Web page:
room for picnicking white people, it now stands abandoned. The bungalows, in a similar style, were occupied by conferencing union members - the logos on their T-shirts uncannily like Afrikaans worker unions of the 1930s. At the plesieroord in Parys, camping berths with their crumbling braais stand empty except for the occasional transient. The place could do with a lick of paint, but that would not lift the melancholia. Come sundown the manne are still to be found at the riverside, clutching quarts of Black Label around a fire. They are black and listening to kwaito while the Vaal gurgles gently by. The Volk have surrendered the public spaces and withdrawn to the privacy of their game lodges. In Louis Trichardt, Gerard Moerdijk’s superb church still stands immaculate. Alongside it is an ugly facebrick building, signaling an aesthetic numbness. Beneath the surface, old hostilities are still at play in the tussle over the town’s name change to Makhado, whose son’s army was defeated by a boer commando that camped on the very site where the church was built. The road snaking through Meiringspoort has been rebuilt several times, and in between the long haul trucks, a density of heat and silence can still impose itself. On the gravel of the Swartberg Pass I narrowly missed cyclists coming down at speed. The once daunting road has been reduced to an afternoon’s time trial.
Afrikaner Nationalism was spawned by a need to escape the Anglo-Saxon reach. Within that, there was a strand that sought a genuine African identity. For Pierneef, this meant study of the art of both San and Bantu people. Close to the Hartbeespoort Dam site is the home of Pierneef’s contemporary Gustav Preller. The modest thatch and stone dwelling blends seamlessly into the surrounding bush. Would Pierneef and Preller have dreamt that the trajectory of Afrikaner Nationalism ends in the imposing towers of the Pelindaba nuclear facility, a stone’s throw away? Our 21st century sensibility is used to seeing the beer can in the river. We are wary of glossing over such things in the quest for beauty. We are rightly suspicious of Pierneef’s billowing clouds with their promise of rain and renewal. The detritus of progress intrudes on the original sites, yet they are capable of preposterous beauty. The sublime moment can still be had, but those monumental forms and big spaces are shrinking down, reduced by the human figure that was once so absent.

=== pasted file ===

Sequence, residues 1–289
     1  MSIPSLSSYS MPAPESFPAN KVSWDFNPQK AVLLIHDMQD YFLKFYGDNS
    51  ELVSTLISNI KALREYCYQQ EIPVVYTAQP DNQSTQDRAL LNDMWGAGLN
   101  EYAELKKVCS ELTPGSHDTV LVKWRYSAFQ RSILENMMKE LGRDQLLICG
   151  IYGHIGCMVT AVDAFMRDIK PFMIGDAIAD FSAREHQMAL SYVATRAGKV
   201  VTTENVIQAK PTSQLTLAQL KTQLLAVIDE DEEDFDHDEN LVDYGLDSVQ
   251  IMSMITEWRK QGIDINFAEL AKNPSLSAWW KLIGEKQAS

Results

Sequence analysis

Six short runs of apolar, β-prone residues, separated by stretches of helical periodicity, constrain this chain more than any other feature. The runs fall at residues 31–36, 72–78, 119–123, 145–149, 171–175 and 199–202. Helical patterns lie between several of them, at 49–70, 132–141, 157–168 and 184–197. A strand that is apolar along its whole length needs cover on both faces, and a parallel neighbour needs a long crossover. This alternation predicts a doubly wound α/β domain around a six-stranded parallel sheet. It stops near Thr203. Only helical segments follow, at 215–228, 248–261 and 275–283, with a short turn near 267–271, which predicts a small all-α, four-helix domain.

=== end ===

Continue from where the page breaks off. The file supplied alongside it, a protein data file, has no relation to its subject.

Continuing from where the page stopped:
In the Valley of Desolation, those eternal dolerite columns that Pierneef gives us as proof of an Almighty are now overflown by paragliders: nature as sport rather than church. In the 1930s, driving from Pretoria to Musina took two days. Now it takes four hours. Our sense of scale has changed and with that we have lost our awe. We glide through in our air-conditioned SUVs, vokking voort. Beer cans in the river. The world of the Station Panels is safe, almost domesticated. Broken branches are clues to the destructiveness of Nature, but even that is on hold. Sites of conflict, like Majuba or Louis Trichardt, lie before us bathed in light like 17th century Dutch paintings. You may regard these empty landscapes with their rolling fields as the product of a proprietary, colonialist gaze. But time has changed the meaning of both the paintings and the sites themselves. What once was monumental is now vulnerable. The tide of nationalism that held Pierneef close has long since receded. What are we to make of these messages from a lost world? Working at the sites made me realize Pierneef’s fidelity to his source material. The specificity of plantlife, of cracks in rockfaces, is not the product of a man intent on ideological pursuits. It is the work of someone who believes in the redemptive power of nature. I came to the conclusion that what he had in front of him in the 1930s was a Nirvana of sorts, and it might be more rewarding to see Pierneef not as a manipulator, but as a truth teller. Perhaps the story of these paintings is one of a vision betrayed, both in our dealings with the land and the people on it.